The City of Sacramento did not violate constitutional law or implied-in-law zoning contract when it approved a project with characteristics that deviated from the City’s zoning ordinance. Sacramentans for Fair Planning v. City of Sacramento, 37 Cal. App. 5th 698 (2019)
A developer sought approval to build a high-rise tower in Midtown Sacramento. The City’s local zoning ordinance governing the lot limited the building to a maximum height to 65 feet and floor-area ratio (FAR) of 3.0. The approved project, however, permitted a project approximately three times larger than what the zoning ordinance provided for: a building 178 feet tall with a FAR of 9.22.
The City relied on a unique policy provision in the general plan, LU 1.1.10, which gave the City “authority to approve projects that do not conform with building intensity standards if the project provides significant community benefits.” The plaintiffs argued, among other things, that (i) such exception to the zoning ordinance violated the doctrine of zoning uniformity, which can be derived from Fourteenth Amendment and implied-in-law zoning contract and (ii) the project’s approval resulted in unlawful spot zoning.
The court was not persuaded. It rejected the notion the project resulted in spot zoning, reasoning that unlawful spot zoning only occurs when a lot within a zoning district is given lesser rights than those around it. Here, the lot in question received greater rights than those around it.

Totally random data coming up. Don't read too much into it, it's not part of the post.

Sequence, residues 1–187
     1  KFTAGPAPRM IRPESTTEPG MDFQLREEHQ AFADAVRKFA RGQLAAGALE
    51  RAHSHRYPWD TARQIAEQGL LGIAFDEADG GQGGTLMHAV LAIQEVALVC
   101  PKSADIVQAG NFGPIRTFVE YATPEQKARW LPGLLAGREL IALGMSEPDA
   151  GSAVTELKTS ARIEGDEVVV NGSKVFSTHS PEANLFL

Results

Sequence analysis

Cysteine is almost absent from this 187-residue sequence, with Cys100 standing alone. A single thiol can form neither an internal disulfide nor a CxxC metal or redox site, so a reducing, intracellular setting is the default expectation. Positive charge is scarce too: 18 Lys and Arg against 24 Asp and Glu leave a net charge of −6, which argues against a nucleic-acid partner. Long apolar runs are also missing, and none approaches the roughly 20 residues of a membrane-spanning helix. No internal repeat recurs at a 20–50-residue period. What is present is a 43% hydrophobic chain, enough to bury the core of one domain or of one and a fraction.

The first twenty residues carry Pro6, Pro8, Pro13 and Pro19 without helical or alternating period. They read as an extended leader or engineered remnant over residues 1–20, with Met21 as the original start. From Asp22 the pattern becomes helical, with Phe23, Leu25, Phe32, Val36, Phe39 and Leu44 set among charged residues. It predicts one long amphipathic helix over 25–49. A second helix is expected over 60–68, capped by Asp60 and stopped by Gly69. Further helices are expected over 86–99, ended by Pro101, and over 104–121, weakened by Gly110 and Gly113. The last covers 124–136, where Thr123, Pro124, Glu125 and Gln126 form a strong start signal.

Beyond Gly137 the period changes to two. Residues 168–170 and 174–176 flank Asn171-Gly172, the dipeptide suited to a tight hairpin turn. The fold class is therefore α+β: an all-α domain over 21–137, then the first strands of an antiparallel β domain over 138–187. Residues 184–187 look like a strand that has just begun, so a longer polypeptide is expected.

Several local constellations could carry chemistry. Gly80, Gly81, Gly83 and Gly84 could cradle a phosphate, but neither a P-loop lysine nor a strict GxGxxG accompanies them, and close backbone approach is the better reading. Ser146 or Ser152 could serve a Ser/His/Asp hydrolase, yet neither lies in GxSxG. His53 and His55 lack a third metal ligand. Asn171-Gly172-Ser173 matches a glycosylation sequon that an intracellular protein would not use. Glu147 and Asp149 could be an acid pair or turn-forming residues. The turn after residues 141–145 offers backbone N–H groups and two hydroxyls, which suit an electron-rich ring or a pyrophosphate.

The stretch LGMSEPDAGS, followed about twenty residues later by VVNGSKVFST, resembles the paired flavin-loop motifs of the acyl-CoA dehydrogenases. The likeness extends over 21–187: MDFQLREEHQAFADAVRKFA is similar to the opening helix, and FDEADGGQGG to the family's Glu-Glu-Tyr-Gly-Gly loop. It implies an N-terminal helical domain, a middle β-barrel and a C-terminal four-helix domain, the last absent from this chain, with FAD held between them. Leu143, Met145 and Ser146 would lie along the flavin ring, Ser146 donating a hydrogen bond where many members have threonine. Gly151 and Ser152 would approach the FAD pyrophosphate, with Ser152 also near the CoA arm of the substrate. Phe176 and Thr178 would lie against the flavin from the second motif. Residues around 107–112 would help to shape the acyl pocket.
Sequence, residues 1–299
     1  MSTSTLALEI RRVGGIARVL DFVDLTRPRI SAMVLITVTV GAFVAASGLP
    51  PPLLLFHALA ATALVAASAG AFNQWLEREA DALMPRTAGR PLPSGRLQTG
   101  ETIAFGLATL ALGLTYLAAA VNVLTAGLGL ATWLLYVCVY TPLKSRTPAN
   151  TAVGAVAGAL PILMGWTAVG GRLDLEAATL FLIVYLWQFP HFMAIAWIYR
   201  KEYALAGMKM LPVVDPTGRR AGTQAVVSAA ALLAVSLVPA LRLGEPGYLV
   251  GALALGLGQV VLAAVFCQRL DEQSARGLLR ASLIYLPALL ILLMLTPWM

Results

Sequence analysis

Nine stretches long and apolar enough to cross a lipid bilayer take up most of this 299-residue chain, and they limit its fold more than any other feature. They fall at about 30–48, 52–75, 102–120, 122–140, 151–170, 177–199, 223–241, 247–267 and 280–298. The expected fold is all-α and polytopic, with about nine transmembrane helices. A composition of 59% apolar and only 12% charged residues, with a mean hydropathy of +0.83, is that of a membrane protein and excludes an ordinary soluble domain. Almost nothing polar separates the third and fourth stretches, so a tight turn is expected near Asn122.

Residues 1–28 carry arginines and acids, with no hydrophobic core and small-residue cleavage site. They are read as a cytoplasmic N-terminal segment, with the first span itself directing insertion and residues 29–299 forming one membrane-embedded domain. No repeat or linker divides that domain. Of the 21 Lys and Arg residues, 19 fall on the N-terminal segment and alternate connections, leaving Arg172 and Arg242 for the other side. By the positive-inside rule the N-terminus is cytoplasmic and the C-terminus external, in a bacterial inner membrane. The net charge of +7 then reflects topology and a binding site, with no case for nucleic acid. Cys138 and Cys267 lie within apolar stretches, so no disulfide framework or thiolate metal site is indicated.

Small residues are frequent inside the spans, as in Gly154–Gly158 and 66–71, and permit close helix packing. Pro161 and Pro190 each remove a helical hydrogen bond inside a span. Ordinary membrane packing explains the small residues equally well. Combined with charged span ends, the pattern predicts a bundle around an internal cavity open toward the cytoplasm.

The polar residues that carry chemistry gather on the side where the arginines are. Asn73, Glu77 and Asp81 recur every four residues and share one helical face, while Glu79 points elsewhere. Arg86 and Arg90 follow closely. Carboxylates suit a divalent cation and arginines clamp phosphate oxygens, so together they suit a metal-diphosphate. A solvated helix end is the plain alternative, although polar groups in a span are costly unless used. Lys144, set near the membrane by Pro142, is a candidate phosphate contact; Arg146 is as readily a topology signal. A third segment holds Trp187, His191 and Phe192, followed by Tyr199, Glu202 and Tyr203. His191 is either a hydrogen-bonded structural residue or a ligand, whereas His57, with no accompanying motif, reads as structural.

Next, the court rejected the notion the project violated the Fourteenth Amendment reasoning that “the guarantees of equal protection…do not mandate such a high standard of zoning uniformity.” A city’s right to regulate land within its jurisdiction is broad and stems from its police power. The regulation, therefore, is presumed valid so long as it is rationally related to a legitimate government interest. The court quoted at length the findings of City staff setting forth the project’s significant community benefits and concluded the approval of the plan under LU 1.1.10 had rational basis and therefore did not violate the Fourteenth Amendment.
Finally, the court rejected plaintiffs’ contention that certain common law zoning uniformity standards would control the analysis of this case. The court concluded that “nothing …[in California common law] establishes a doctrine of zoning uniformity that would require courts to look for more uniformity that is required by the equal protection and due process clauses.”